General Electric Co. (NYSE: GE) announced Monday morning that it would cut its dividend by half beginning with the next declaration due in December. The reduction, from $0.24 per quarter to $0.12, is the first since 2009, the depths of the financial crisis.
Later this morning, CEO John Flannery will address the company’s strategy at an investor update, set to begin at 9 a.m. ET.
Separating the dividend cut from the strategy session sets the table for Flannery to talk about the company’s cash flow and how it’s going to improve. There is also unlikely to be a lot of good news for many GE employees, thousands of whom are expected to lose their jobs.
In the press announcement of the dividend cut, Flannery said:
We understand the importance of this decision to our shareowners and we have not made it lightly. We are focused on driving total shareholder return and believe this is the right decision to align our dividend payout to cash flow generation.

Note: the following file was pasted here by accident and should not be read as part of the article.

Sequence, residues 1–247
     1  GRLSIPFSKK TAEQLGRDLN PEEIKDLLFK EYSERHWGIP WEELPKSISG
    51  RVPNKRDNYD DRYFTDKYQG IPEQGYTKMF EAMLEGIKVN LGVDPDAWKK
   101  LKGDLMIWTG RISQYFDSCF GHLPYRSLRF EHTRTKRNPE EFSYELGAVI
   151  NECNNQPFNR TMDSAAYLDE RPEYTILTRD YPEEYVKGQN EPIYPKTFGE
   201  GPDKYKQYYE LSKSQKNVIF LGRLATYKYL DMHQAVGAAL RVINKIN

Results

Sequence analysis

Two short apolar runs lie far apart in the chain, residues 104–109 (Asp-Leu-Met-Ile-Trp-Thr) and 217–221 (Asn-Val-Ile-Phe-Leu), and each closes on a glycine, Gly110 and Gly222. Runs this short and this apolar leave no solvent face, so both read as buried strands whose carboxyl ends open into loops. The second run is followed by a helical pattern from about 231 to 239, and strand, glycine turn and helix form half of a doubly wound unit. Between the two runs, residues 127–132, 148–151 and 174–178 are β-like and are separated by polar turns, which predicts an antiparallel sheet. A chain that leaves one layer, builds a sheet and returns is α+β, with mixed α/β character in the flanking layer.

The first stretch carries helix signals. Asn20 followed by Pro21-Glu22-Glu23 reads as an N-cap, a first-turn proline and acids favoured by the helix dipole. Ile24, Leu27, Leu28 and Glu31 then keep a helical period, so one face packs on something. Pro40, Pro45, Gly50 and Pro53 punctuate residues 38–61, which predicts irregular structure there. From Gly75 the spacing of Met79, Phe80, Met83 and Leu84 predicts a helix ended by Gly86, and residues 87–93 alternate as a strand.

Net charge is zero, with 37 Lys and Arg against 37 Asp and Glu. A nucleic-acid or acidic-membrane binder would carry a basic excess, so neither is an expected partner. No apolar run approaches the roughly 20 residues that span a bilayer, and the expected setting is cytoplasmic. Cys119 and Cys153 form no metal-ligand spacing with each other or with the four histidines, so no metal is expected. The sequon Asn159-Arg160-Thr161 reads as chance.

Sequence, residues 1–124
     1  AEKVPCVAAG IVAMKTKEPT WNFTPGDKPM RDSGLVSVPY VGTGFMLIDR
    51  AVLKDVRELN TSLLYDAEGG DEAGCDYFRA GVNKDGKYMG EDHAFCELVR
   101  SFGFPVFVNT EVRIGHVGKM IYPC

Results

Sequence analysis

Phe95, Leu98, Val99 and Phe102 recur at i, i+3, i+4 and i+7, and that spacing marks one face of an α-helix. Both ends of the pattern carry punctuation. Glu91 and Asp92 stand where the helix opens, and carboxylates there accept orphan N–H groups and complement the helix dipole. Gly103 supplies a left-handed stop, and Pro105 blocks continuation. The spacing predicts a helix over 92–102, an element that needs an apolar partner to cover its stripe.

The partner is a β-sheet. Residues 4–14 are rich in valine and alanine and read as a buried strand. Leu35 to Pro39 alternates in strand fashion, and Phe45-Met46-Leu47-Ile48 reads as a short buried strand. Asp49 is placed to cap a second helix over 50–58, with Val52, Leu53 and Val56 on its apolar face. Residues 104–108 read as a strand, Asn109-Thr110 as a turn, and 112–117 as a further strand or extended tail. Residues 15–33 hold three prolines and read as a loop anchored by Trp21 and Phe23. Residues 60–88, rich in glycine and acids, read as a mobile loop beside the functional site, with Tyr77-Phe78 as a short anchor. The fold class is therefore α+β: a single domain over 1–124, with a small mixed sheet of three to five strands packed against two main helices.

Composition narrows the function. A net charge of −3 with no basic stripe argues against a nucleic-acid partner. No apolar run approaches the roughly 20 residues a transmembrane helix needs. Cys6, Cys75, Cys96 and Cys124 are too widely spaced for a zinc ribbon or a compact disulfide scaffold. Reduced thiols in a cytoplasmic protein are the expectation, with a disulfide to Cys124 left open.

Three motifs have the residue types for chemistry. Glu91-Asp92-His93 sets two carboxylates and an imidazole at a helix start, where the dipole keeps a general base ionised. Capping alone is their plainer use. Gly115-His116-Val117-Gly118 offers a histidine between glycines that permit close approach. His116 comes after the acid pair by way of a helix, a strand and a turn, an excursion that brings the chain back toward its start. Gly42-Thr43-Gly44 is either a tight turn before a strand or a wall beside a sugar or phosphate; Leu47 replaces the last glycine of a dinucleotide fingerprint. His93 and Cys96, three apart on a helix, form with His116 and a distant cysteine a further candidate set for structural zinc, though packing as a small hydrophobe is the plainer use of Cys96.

The dividend remains an important component of GE’s capital allocation framework. With this action and others that we will be discussing this morning, we are acting with urgency to make GE simpler and stronger to drive growth and create more value for our shareowners.
“Simpler and stronger” implies smaller and more focused. But how much smaller and focused on what? Flannery has already promised more than $20 billion in asset sales. The company’s railroad business is believed to be at the top of the list of divisions to go. The better performing portions of the Lighting segment already have been moved under the Power segment, and what’s left is a good candidate for going on the block.
The dividend cut was expected. GE really had no choice. Besides, investors had already punished the stock in anticipation of the cut.
In Monday’s premarket trading, the stock traded up about 2.3%, at $20.95 in a 52-week range of $19.63 to $32.38. The 12-month consensus price target is $25.33.